Author Q&A

In his new book, Lovesick, CNN deputy political director Alex Wellen offers a new twist on the concept that only women want to get married.

Wellen tells the story of Andy — a man so struck by love he will do anything to marry the woman of his dreams — even if that means moving to a small town in California and working for her father. Wellen spoke to The Hill about the book and his own marital adventures.

Q: Why did you decide to write this book?

I think that almost every story has been told, but I also think that I had something unique to say in this book. This book examines a few universal themes, love being one of them. However, I wanted to offer something different on this story — the man’s perspective of when he finds the woman he wants to marry and will do anything to make it happen.

Q: Does this story mirror your life at all?

Yes. There are certainly aspects of Paige’s and Andy’s personalities that reflect Kris’s [Wellen’s wife] and my own. I actually pitched this book to my publisher as nonfiction at first. My publisher, however, asked me if I would consider writing this as a piece of fiction. My publisher said that I had a nice touch with language and understanding of the characters; they just wanted to see more.

This book takes a look at the beginning of a relationship, and at the beginning [of my relationship], my wife’s father and sister were so kind and welcoming to me, and, well, that did not provide the things you need for a great story. That is why I think fiction was a better way to go.

Q: What aspects of Paige and Andy are like you and your wife?

Paige certainly has some of the elements of my wife’s personality. Paige and Kris are spontaneous, have a great attitude and are goofballs. With Andy, I thought I could push the limits quite a bit. There are elements of his personality I can relate to — for instance, his analytical side. But I wanted to take certain things and push them to their limits and satirize them. I know that men can be too logical, too rational about emotional issues. I wanted to explore this. …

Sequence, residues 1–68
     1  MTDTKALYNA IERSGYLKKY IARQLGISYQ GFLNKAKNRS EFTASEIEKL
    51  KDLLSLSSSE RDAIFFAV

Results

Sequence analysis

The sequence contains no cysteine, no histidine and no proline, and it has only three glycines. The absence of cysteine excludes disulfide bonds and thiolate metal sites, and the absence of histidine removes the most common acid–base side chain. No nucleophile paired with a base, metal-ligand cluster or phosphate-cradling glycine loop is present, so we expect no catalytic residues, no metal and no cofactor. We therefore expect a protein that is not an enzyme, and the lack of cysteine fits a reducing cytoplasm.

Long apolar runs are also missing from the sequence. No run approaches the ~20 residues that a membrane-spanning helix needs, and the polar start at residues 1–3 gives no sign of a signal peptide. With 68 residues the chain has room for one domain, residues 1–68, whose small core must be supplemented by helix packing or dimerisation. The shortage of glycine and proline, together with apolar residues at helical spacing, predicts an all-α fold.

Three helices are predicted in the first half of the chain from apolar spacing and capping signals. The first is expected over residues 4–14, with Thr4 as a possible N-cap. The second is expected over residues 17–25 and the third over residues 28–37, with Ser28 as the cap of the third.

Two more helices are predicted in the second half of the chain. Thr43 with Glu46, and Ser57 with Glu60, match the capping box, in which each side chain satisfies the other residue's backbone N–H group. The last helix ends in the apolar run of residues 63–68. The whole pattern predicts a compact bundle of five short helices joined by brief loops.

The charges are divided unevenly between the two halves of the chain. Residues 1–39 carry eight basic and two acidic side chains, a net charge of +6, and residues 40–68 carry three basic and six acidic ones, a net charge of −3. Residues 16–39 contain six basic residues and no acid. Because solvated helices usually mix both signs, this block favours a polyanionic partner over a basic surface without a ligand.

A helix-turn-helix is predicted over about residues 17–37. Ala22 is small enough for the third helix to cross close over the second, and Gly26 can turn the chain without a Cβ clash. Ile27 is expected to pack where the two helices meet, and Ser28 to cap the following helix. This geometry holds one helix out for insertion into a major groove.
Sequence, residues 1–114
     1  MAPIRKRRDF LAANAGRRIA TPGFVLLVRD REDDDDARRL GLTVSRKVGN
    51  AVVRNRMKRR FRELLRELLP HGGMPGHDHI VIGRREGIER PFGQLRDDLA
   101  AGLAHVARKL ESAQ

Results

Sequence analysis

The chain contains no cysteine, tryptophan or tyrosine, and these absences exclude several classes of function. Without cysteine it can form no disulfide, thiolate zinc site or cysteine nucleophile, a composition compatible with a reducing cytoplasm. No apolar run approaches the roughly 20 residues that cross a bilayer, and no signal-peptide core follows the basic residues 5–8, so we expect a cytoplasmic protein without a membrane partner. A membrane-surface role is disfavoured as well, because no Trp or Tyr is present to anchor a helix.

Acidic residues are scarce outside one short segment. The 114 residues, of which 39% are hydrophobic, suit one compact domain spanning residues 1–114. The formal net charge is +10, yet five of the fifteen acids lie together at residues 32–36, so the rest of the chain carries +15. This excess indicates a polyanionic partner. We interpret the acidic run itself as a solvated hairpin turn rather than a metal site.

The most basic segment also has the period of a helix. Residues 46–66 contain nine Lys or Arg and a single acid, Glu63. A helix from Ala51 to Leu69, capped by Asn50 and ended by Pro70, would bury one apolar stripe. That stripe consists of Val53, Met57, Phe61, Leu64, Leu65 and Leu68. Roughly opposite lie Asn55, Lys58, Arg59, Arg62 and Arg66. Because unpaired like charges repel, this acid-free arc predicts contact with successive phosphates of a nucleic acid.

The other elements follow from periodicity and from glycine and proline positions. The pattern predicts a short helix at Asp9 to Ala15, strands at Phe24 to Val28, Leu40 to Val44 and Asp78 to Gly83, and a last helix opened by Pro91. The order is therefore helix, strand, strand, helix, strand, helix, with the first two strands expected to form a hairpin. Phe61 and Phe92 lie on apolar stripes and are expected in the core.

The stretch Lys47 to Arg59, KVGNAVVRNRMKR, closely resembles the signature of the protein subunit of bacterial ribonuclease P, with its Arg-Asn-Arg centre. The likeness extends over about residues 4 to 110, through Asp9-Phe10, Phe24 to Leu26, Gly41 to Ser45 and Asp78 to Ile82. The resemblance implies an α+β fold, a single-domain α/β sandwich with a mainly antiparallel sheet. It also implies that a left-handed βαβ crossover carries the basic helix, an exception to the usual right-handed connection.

I thought it would be interesting to have this man who is over the top, who uses graphs and charts and different types of formulas and equations to solve matters of the heart. And understanding that matters of the heart are beyond rational explanation is a realization that Andy makes though the course of this book.

Q: Why did you focus on the beginning of the relationship?

My first book, Barman, chronicled the changes that occurred in me and others during a nine-month period as we underwent the transition from being law students leaving law school to becoming lawyers. Taking a small moment in time allowed me to explore these changes in depth.

I like using a small window of time and so I choose to repeat it again in this book. I also just knew that I wanted to write about the beginning of a relationship.

Q: What is next?

Well, I am a father now. I have a kid that will be turning one soon, and that has totally changed me. Writing takes a lot of time, a lot of alone time. I think someday I will write a book about fatherhood and the transitions that I experienced, but right now I am going to focus on my job and my family.

 Michael M. Gleeson